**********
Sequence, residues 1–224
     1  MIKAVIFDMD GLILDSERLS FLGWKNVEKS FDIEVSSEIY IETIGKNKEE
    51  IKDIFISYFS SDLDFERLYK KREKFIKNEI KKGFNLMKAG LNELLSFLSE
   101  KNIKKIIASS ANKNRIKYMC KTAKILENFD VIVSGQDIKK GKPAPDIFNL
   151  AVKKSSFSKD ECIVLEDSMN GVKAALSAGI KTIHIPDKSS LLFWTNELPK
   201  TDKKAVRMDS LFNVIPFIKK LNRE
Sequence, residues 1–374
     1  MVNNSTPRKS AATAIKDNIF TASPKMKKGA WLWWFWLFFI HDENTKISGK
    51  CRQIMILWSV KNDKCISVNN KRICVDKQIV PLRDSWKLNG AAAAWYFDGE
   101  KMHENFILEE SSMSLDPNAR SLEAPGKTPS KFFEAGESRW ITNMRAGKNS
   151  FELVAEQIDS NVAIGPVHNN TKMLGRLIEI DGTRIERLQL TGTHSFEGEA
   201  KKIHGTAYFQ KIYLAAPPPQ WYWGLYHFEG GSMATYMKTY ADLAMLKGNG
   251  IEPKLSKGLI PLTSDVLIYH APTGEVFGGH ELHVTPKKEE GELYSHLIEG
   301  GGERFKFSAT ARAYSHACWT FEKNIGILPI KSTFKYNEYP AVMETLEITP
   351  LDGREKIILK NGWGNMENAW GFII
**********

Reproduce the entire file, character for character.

Sequence, residues 1–224
     1  MIKAVIFDMD GLILDSERLS FLGWKNVEKS FDIEVSSEIY IETIGKNKEE
    51  IKDIFISYFS SDLDFERLYK KREKFIKNEI KKGFNLMKAG LNELLSFLSE
   101  KNIKKIIASS ANKNRIKYMC KTAKILENFD VIVSGQDIKK GKPAPDIFNL
   151  AVKKSSFSKD ECIVLEDSMN GVKAALSAGI KTIHIPDKSS LLFWTNELPK
   201  TDKKAVRMDS LFNVIPFIKK LNRE
Sequence, residues 1–374
     1  MVNNSTPRKS AATAIKDNIF TASPKMKKGA WLWWFWLFFI HDENTKISGK
    51  CRQIMILWSV KNDKCISVNN KRICVDKQIV PLRDSWKLNG AAAAWYFDGE
   101  KMHENFILEE SSMSLDPNAR SLEAPGKTPS KFFEAGESRW ITNMRAGKNS
   151  FELVAEQIDS NVAIGPVHNN TKMLGRLIEI DGTRIERLQL TGTHSFEGEA
   201  KKIHGTAYFQ KIYLAAPPPQ WYWGLYHFEG GSMATYMKTY ADLAMLKGNG
   251  IEPKLSKGLI PLTSDVLIYH APTGEVFGGH ELHVTPKKEE GELYSHLIEG
   301  GGERFKFSAT ARAYSHACWT FEKNIGILPI KSTFKYNEYP AVMETLEITP
   351  LDGREKIILK NGWGNMENAW GFII